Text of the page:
and reroofing the secondary campus. That $4.5 million comes from a bond that, despite questions and some discouragement from the public, was approved unanimously by the school board in March.
Richard Kresge, civil engineer with Quad 3, first spoke to the board about the parking variances the district sought. Under the zoning code, a new building of this type requires that additional parking spaces be created, 92 in all. The district asked to provide 51 spaces instead and, Kresge argued, this is adequate enough because the field house will be of use to already-existing sporting events, thus not generating any more traffic than usual.
The second part of the parking variance was for relief of the law that requires the parking lot be paved. The district plans to use a grassy area for overflow parking and it doesn’t want to pave it because, while games are not happening, that field is used for player practices.
Zoning Chair David Carl asked if additional lighting will be used for that overflow parking area and was told it wouldn’t. Later resident and school board candidate Barry Boone, who lives adjacent to the property, asked if any additional lighting would affect his home. Sam Scarantino, also from Quad 3, noted that several lights will be installed on the side of the field house building, as well as down the hill along the roadway. If contacted, he said, perhaps the district will turn off the lights during the night.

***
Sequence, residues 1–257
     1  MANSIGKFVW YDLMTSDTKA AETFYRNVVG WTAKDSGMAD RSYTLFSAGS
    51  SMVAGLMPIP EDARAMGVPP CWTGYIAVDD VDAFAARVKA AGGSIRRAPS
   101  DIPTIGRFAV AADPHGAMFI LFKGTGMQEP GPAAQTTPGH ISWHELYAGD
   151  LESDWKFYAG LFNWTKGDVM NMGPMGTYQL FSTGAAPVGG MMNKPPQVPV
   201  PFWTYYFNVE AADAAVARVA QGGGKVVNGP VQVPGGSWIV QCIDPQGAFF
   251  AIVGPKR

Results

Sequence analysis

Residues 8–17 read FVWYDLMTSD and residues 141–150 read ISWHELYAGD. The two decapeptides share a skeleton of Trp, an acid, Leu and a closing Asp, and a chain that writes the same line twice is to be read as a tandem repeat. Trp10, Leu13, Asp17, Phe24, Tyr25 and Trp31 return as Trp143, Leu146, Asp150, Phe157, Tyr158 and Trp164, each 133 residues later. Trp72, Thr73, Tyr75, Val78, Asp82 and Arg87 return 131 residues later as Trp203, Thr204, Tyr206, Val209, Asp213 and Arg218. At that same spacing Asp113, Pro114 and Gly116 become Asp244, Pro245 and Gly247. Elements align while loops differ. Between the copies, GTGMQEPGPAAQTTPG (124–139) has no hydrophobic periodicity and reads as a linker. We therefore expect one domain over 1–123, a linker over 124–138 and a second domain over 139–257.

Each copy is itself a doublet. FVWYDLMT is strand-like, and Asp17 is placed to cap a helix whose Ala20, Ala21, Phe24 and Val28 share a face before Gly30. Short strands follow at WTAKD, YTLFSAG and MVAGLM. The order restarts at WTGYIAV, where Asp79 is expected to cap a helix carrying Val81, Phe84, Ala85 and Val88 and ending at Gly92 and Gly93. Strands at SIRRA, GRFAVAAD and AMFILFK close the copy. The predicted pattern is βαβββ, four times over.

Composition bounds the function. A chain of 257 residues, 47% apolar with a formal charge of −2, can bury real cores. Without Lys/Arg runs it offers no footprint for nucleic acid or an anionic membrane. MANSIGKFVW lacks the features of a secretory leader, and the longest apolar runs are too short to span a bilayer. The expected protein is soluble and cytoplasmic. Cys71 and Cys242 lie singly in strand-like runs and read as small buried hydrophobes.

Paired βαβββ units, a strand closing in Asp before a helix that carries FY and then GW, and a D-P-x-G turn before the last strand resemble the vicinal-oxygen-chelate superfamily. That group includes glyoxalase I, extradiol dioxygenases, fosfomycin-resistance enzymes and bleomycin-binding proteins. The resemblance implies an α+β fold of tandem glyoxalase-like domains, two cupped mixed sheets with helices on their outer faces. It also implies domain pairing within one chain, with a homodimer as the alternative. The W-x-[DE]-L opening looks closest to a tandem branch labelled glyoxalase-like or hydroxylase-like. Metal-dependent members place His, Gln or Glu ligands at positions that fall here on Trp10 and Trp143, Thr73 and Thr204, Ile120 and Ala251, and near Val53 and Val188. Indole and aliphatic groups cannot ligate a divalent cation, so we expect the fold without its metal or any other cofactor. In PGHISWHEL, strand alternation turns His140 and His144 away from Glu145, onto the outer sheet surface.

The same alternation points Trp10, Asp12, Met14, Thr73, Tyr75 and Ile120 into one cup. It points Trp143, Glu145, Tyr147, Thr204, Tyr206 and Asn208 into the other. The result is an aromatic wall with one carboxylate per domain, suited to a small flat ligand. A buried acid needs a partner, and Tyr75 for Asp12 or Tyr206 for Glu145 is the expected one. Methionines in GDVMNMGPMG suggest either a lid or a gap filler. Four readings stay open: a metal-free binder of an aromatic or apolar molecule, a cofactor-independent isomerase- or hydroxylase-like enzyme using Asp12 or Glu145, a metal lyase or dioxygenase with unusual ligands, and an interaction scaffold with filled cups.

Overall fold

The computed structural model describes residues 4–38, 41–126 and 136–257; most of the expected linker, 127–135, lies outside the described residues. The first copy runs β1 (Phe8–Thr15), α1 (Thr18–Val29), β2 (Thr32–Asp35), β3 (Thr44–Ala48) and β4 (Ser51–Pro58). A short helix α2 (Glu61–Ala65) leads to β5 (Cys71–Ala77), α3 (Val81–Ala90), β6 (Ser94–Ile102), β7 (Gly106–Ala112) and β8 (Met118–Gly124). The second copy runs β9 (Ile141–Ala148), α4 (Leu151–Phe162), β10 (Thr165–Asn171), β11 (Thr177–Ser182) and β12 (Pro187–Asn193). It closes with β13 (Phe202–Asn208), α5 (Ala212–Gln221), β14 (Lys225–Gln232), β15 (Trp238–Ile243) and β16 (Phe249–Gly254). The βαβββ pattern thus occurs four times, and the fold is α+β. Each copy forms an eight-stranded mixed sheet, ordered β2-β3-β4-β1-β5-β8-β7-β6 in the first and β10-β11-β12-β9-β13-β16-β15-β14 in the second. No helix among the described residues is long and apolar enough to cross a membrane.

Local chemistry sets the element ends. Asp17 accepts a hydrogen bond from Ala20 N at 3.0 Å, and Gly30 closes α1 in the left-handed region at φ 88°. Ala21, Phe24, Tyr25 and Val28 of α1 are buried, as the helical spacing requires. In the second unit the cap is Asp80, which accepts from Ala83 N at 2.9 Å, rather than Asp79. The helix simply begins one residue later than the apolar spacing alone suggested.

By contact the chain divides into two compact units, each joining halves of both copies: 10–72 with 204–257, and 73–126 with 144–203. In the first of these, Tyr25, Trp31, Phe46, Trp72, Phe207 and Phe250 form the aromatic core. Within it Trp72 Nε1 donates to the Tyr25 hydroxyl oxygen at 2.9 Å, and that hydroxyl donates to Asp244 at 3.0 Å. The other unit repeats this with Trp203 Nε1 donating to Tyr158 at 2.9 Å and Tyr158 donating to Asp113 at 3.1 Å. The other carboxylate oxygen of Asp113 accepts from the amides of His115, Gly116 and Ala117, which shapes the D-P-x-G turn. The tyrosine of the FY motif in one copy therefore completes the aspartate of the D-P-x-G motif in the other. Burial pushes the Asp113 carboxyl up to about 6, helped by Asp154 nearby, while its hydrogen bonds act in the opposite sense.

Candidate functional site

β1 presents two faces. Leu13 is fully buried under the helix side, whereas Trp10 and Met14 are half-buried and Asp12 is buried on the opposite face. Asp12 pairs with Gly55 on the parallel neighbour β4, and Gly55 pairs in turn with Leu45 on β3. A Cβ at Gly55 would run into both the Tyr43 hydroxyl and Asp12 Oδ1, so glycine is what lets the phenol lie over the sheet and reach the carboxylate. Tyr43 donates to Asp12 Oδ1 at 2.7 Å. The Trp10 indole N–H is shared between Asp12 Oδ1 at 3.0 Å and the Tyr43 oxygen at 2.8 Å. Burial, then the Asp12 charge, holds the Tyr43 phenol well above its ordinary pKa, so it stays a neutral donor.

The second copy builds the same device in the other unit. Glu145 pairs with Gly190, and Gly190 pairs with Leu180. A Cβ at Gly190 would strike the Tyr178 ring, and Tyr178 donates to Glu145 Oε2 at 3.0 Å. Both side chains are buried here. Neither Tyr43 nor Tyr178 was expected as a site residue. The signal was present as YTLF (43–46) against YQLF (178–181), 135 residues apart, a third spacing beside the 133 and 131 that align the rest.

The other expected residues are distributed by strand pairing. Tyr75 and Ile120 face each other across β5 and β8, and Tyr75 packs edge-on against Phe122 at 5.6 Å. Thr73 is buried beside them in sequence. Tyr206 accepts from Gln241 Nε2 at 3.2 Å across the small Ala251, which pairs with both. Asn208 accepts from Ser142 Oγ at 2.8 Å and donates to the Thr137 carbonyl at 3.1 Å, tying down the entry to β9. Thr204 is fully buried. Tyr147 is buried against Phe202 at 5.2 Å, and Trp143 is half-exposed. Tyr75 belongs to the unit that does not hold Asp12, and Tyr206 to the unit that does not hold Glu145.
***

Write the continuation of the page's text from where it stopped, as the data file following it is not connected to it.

Boone and another resident also showed concern for stormwater runoff from the new facility but were told that matter will be addressed later by the township’s planning commission. Kresge did offer, however, that water will be pumped and drained away from nearby homes and that, if anything, stormwater runoff will be reduced after the field house’s new drainage system is installed.
After the parking variances were granted, the final zoning permit was for a special exception. As far as the field house being built in a residential-zoned area, Kresge said, it will not affect or change the neighborhood. The entire school lies in a residential zone, grandfathered in as it was built before the zoning code was written. The board unanimously agreed, related that the field house is simply an enlargement of the existing campus and not of any detriment to the neighborhood.